A new approach to university accommodation

Mark Allan has never shared a damp, cold house with five people and a family of mice. He has never had to work a whole summer because his landlord did not pay back his deposit, nor has he had his computer stolen because of a dodgy lock on the front door. The chief executive of Unite, the student accomodation provider, did not go to university.

Despite having never lived in student accommodation, Mr Allan is one of the biggest student landlords in the UK, responsible for the upkeep of 126 developments that house almost 40,000 students in 23 towns and cities.He may not have his own unpleasant memories to draw upon when he is looking for ways to improve the living standards of the nation’s undergraduates, but the fact that he isn’t drawing on bitter personal experience doesn’t make him any less motivated in trying to improve the service that Unite offers.

The company — the only quoted business dedicated exclusively to the student sector — is trying to break the mould and “introduce customerfocused attitudes” in a sector where they have been conspicuously absent in the past, he said.

Mr Allan, 37, a chartered accountant, is also motivated to improve accommodation by the prospect of meeting people who have lived in Unite buildings, or more terrifyingly, their parents.

“An increasing number of people have either lived with us or know someone who has,” he said. “Whenever people tell me that their son or daughter lives or lived with us, my first reaction is: ‘Oh no, what did we do wrong?’ But the feedback is positive more often than not.”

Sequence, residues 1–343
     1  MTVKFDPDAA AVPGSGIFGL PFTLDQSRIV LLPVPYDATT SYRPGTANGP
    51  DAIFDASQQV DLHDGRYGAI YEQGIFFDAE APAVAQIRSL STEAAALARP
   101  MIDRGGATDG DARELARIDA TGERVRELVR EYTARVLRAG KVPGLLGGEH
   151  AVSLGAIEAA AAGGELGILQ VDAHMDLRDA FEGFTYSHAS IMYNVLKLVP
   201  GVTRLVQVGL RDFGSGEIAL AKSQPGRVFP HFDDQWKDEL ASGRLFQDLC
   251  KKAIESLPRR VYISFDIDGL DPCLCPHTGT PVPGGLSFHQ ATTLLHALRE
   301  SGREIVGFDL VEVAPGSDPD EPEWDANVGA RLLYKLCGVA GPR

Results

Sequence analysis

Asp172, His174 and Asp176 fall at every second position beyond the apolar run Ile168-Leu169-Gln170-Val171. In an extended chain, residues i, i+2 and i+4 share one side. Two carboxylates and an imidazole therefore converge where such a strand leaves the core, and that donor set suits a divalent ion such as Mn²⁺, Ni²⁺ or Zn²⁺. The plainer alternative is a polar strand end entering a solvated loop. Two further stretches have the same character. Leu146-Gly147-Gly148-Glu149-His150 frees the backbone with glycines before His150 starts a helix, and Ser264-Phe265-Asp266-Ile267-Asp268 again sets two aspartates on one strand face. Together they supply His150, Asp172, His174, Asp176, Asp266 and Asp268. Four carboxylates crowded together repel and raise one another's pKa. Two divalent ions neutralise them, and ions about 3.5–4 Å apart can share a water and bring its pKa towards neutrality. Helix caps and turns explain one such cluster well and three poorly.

On the occasions when it has not been — such as the time when the daughter of the head of the Fire Service was stuck in a lift during a fire drill, or when cleaners discovered that a student had left behind a 6ft snake at the end of term — he made changes. “We beefed up the wording of our ‘no pets’ policy after that incident,” he said.

Whatever his motivation, it is clear that Unite accommodation is a far cry from the traditional image of student digs. Most of the stock is less than five years old. Rooms have en suites. A student typically rents a single bedroom and shares a kitchen and living area with three or four others. Communal facilities include common rooms, laundry rooms and vending machines. Each property has 24-hour CCTV, entry is by swipecard and supervisers make regular patrols of properties, to soothe the nerves of worried parents.

Students do pay more for these small luxuries — Unite rents are slightly more expensive than you would pay to live in a shared private house, starting at about £75 a week outside London and £125 in the capital. The pricing structure is clear, making it easier for students to budget, Mr Allan said.

Providing good-quality housing in a sector noted for the lack of it has advantages, and not merely for the students signing up for three years of university life. Unite’s business model has helped to make student accommodation a credible investment class. “With very few exceptions, there is practically no university that has enough accommodation of its own to provide housing for its first-year and international students, so our model works in most markets,” Mr Allan said. “The majority of our completed portfolio is owned by funds in which Unite has a significant minority stake, alongside investor partners. By selling our investment properties into these funds, we can release cash and borrowing capacity for reinvestment into development, but also retain an interest in the ongoing performance of the properties. We still manage all of these under the Unite banner, and receive fees for doing so.”